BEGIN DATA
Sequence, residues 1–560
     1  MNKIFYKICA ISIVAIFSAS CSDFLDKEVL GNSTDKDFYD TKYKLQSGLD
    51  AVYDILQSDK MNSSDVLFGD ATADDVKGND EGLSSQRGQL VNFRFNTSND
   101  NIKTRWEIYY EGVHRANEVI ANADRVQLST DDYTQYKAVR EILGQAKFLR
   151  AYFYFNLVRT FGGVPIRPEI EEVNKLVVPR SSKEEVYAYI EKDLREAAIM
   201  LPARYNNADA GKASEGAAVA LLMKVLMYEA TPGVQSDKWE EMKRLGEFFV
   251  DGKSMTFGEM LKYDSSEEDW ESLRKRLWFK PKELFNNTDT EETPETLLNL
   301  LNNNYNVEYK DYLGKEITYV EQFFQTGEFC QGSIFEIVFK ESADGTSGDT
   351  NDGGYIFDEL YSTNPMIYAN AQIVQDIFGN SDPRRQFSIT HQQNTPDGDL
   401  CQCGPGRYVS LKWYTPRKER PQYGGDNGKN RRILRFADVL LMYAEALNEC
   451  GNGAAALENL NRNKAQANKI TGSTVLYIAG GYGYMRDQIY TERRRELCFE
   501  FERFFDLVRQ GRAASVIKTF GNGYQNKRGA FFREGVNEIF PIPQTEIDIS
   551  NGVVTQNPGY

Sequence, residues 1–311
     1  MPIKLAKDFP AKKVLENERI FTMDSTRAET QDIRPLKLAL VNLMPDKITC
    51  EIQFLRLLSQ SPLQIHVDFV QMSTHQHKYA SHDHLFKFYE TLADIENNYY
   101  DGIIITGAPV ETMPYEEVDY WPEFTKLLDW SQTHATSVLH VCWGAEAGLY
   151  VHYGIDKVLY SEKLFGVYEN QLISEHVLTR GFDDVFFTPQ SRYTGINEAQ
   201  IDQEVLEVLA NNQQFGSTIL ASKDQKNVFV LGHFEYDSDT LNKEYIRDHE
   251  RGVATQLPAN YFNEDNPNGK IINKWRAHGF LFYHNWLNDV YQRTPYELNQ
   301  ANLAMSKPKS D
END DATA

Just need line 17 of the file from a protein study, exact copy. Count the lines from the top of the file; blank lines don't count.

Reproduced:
   101  DGIIITGAPV ETMPYEEVDY WPEFTKLLDW SQTHATSVLH VCWGAEAGLY